Camp in 2009
October 4, 1978 |
Calgary, Alberta, Canada
|Residence||San Francisco, California, U.S.|
Founder at Expa
|Known for||Innovation, entrepreneurship|
|Net worth||US$6.9 billion|
The way the Facebook network is set up, it's not as suitable for content discovery. Twitter is better, but there are too many over-sharers. Also, on Twitter and Facebook, everything comes from people you know. On StumbleUpon, it comes from people that you don't necessarily know but share your interests.
If the founders of a start-up are considering selling it, I'd advise them to consider the synergies. Could the buyer give you access to something you don't have now, like a certain technology? Would it make your life easier? Are you looking for a change? Things will change, so you have to be ready for that.
If you know what you want, you use Google. But if you don't know what you want, and you want to be surprised and find something you didn't expect, we want you come to StumbleUpon. Really, that idea of being a discovery engine versus a search engine.
If I had it to do over, I might have finished school first, then devoted all my time to StumbleUpon instead of dividing my time between the two. In the end, however, it was probably good to take the time I did.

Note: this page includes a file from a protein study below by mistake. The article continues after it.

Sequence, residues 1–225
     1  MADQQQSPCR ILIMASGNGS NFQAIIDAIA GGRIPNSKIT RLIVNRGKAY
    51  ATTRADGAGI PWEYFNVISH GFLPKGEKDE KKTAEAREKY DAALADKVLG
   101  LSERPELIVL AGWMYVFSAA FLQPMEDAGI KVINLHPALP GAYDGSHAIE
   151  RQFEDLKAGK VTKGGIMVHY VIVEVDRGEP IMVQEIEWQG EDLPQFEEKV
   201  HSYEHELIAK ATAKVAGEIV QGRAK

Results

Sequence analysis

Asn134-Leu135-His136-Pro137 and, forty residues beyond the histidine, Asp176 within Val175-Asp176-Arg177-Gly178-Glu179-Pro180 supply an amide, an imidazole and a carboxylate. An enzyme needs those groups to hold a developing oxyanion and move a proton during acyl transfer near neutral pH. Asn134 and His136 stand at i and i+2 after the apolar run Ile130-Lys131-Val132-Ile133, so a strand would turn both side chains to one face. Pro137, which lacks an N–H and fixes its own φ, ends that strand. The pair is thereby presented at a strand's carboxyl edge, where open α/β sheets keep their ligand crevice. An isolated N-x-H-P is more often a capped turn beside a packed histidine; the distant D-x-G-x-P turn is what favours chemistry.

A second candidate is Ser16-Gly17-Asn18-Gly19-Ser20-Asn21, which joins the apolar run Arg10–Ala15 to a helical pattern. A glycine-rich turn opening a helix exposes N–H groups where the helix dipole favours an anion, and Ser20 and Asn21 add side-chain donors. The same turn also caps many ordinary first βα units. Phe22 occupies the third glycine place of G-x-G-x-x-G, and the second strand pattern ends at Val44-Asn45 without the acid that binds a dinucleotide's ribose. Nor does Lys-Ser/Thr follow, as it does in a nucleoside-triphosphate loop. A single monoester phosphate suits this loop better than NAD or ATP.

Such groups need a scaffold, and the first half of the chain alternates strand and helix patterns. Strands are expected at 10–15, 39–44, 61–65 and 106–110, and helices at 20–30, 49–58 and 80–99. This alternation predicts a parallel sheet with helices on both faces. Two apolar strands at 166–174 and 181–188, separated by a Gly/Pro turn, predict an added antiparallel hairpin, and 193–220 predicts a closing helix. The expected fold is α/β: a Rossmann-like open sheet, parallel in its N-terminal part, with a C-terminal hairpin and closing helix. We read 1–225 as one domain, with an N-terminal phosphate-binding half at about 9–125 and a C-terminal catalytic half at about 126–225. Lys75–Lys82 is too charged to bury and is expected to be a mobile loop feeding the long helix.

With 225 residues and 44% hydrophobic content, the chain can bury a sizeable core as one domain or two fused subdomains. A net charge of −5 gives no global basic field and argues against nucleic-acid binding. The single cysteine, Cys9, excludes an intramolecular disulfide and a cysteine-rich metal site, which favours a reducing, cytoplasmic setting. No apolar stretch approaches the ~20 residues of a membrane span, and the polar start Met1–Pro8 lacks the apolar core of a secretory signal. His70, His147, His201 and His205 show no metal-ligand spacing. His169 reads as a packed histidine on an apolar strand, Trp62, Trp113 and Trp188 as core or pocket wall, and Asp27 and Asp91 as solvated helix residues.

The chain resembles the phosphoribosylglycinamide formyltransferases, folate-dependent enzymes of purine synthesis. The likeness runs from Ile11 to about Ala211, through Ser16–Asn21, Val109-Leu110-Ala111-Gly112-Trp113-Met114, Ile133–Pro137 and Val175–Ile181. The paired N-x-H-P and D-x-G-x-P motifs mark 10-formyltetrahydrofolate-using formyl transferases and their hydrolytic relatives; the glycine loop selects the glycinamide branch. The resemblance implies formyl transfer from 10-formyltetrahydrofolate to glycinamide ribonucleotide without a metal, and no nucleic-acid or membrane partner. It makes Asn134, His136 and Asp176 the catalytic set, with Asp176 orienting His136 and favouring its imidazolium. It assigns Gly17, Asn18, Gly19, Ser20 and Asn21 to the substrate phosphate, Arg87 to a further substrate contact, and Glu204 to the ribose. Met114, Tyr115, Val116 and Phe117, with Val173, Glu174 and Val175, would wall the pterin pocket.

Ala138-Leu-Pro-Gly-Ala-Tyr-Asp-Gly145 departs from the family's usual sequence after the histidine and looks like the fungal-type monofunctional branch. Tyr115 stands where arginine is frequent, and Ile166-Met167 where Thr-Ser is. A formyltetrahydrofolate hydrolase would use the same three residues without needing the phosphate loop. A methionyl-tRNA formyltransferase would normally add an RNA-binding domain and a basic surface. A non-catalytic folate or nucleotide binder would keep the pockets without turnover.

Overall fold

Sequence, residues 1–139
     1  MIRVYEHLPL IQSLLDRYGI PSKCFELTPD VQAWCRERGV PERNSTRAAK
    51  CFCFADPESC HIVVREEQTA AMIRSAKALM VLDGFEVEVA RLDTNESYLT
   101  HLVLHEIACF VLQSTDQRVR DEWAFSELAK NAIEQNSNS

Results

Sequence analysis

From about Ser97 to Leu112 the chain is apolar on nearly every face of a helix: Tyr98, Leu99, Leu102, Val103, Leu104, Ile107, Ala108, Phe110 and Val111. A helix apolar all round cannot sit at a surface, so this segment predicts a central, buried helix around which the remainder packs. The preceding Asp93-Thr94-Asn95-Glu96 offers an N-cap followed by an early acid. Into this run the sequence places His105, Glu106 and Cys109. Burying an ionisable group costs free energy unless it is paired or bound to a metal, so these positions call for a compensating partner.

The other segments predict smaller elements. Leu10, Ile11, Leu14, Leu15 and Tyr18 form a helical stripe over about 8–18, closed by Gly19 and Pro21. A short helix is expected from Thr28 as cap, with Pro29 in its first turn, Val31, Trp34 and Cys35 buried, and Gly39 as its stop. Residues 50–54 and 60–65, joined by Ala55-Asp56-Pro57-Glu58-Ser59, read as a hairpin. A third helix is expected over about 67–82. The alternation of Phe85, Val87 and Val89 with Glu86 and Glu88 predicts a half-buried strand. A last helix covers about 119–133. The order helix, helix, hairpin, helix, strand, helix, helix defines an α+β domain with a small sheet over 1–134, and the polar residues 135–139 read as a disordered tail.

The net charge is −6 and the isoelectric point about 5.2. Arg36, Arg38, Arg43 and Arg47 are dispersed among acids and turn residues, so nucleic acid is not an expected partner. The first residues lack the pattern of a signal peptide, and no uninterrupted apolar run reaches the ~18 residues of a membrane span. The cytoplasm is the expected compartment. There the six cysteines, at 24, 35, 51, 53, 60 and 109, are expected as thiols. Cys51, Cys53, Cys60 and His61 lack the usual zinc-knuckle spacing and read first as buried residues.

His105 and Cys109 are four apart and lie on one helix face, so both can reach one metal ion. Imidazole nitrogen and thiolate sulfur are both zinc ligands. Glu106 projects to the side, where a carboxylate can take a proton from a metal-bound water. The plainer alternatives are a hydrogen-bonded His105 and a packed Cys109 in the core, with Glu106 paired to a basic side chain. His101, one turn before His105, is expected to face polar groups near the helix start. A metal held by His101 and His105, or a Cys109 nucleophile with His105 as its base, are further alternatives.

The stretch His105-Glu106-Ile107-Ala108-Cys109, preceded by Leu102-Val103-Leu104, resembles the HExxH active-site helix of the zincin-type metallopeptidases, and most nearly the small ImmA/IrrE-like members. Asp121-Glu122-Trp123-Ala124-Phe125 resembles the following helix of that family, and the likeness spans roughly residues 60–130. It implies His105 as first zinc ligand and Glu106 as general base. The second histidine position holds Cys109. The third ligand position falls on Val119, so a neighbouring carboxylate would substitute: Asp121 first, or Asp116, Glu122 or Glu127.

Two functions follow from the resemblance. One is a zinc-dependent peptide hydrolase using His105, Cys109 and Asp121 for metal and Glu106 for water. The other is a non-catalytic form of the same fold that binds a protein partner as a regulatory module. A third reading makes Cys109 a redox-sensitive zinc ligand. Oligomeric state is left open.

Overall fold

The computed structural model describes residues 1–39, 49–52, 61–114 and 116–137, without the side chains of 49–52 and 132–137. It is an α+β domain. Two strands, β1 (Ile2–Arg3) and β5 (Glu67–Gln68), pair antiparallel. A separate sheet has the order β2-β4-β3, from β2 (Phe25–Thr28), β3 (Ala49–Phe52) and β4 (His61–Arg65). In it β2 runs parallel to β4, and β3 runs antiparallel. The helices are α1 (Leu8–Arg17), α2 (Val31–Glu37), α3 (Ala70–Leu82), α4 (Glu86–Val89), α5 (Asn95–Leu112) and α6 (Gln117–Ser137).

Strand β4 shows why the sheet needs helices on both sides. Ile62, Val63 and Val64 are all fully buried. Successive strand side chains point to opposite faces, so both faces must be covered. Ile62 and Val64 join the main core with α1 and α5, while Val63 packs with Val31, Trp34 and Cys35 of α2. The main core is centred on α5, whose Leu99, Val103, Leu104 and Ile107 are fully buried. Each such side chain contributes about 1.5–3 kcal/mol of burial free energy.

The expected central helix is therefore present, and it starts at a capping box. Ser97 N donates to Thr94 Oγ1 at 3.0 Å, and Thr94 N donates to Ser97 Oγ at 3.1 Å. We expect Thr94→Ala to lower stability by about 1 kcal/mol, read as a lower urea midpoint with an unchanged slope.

I like to say StumbleUpon provides a personal tour of the Internet. The responses are more targeted to your interests than they would be with a regular search engine. If you choose a topic on our site that you're interested in, such as art, Web sites related to art appear, as if you're leafing through an art magazine.
Facebook is made up of people you've met, but not necessarily who are similar to you. I have 850 'friends,' and a lot are acquaintances, not friends. I don't really know them. If I've met someone one time, how should they be influencing my feed?
I definitely see a correlation between how many things a company gets right and how fast a company grows.
Every time I make a mistake with a company, I write it out and try to figure out why it happened.
A lot of productivity is capturing ideas. I use a wiki – it's more valuable than e-mail for running a company – and I have a page for every person with whom I interact frequently.
The bigger a company gets, the more people are involved in decisions, the slower decisions get made. Look, the whole theory of startups is that three motivated people can go and do something that every company can't.
I'm interested in sites that help people find information and filter what's available. The Internet is so big that no one can stay on top of everything.
I have 250 contacts, employees, and investors who, anytime they come across something relevant, will share it with me. I wake up to 10-15 links that people have explicitly recommended for me. I don't have to look for news anymore; it flows to me.